- Likelihood of asymptomatic spread among HCWs in the hospital: It is becoming increasingly clear in the literature that a large portion of the disease spread is from asymptomatic individuals (Li et al, Science, March 16, 2020; CDC MMWR March 27, 2020), with a long incubation time of 5 days median (Lauer et al, Ann Intern Med, March 10, 2020). Hospital staff, who are only advised to stay home from work if symptomatic, may still present to work asymptomatic but infected and contagious. Without at least wearing a surgical mask throughout the hospital, we are at increased risk of spreading infection among each other.
- Transmission by talking: By the nature of our work, we are not used to routinely standing 6 feet away from each other in the hospital as we communicate; in a small Twitter survey, >60% of respondents said that #SocialDistancing is not currently practiced in their hospital. Further, we are all touching common surfaces (e.g., keyboards, computer mice, phones) that will inevitably carry droplets that are inevitably spread from unmasked mouths when we talk. While surgical masks are not the perfect solution to filter out the droplets emitted from our mouths when we talk, cough, or sneeze, they undoubtedly reduce emission into the ambient air around us (Figure 1) and should reduce the likelihood of asymptomatic hospital staff from transmitting infection among each other and to our patients.
Figure 1: Two-way protection provided by masks (from Medium blog post by Sui Huang, MD, PhD at the Institute for Systems Biology)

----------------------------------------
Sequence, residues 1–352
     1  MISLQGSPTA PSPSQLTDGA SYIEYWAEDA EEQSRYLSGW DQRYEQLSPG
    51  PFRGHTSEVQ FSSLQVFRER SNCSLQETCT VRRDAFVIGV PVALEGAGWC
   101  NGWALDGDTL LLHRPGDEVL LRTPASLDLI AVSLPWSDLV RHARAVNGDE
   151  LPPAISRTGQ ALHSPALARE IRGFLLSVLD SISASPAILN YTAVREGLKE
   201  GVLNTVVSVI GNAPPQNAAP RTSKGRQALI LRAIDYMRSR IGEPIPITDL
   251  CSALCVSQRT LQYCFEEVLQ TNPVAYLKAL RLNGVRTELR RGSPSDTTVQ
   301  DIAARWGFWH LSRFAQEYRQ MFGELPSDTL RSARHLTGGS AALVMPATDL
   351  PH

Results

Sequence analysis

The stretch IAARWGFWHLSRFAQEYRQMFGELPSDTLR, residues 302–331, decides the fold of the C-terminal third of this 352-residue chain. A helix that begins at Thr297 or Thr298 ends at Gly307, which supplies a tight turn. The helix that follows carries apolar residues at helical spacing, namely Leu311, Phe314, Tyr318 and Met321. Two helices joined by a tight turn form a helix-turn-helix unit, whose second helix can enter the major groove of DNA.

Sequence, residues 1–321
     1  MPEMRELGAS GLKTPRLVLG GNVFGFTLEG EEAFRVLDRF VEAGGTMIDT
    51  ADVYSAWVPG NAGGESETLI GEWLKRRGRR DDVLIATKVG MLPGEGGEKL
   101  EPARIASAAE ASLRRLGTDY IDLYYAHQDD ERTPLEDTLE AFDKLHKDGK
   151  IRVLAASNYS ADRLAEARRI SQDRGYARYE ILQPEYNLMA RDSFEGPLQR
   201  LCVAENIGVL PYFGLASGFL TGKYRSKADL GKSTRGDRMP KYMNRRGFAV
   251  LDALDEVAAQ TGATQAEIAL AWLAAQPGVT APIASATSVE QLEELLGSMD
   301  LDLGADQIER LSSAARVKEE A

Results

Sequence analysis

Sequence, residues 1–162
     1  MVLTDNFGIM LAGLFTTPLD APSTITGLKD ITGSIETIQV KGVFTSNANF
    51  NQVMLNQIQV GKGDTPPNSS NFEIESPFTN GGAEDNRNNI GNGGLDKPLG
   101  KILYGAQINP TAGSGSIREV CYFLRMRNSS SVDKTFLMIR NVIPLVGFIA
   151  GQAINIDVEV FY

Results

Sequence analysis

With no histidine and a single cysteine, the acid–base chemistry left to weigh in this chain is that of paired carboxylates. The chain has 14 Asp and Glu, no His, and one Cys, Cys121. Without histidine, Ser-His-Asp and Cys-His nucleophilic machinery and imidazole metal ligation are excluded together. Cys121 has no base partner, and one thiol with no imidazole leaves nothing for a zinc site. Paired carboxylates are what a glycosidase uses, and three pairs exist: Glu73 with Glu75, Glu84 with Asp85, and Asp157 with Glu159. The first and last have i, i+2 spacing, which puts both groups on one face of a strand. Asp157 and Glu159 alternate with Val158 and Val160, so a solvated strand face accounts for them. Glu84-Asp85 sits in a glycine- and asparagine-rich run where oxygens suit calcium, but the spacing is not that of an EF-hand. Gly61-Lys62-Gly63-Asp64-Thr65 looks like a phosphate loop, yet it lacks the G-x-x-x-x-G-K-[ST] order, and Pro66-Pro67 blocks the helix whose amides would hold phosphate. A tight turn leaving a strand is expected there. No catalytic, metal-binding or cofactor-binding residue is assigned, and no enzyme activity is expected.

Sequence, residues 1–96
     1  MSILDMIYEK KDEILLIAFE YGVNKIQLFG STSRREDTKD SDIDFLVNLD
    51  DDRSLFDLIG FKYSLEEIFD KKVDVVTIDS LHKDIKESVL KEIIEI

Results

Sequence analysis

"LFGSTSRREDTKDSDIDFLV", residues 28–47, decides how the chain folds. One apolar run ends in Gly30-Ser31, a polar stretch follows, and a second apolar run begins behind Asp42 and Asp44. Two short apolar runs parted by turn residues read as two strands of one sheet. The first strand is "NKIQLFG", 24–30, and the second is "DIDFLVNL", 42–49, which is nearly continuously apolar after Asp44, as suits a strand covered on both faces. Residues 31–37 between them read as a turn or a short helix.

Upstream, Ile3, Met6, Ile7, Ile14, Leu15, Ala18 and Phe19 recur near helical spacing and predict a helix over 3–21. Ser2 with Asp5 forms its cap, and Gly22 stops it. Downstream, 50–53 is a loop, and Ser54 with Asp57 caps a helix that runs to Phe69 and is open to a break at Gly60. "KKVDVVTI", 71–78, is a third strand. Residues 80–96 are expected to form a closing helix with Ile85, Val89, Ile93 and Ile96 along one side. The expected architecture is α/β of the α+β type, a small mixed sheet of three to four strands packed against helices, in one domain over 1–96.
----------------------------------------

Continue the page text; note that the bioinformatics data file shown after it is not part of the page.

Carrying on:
In summary, I urge all hospitals to implement a Universal Mask Policy to account for these data and expert recommendations. As mentioned above, the lack of a clear, effective message has led to conflict between care teams, leading to discord at a time when unity is so critical. Although no randomized clinical trial has yet to show that a Universal Mask Policy is the most effective way to reduce nosocomial transmission of COVID-19, the “absence of evidence is not evidence of absence.”
When there is enough reason to believe that a Universal Mask Policy should help to protect our staff and patients, we need to err on the side of safety when the consequences are life- and livelihood-threatening. While anticipated mask shortage is clearly an issue, the remarkable resourcefulness, philanthropy, and ingenuity of our communities will come through.
In the meantime, we need a Universal Mask Policy to protect us. We need a Universal Mask Policy to unite us. We need a Universal Mask Policy now.
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Dr. Jeff Hsu is currently an Advanced Heart Failure and Transplant Cardiology fellow at UCLA, where he also completed his general cardiology fellowship. He received his Ph.D. in Molecular Cellular & Integrative Physiology through the UCLA Specialty Training and Advanced Research (STAR) Program. He is a member of the ATVB and BCVS Councils, and his clinical interests are in heart failure and sports cardiology. @JeffHsuMD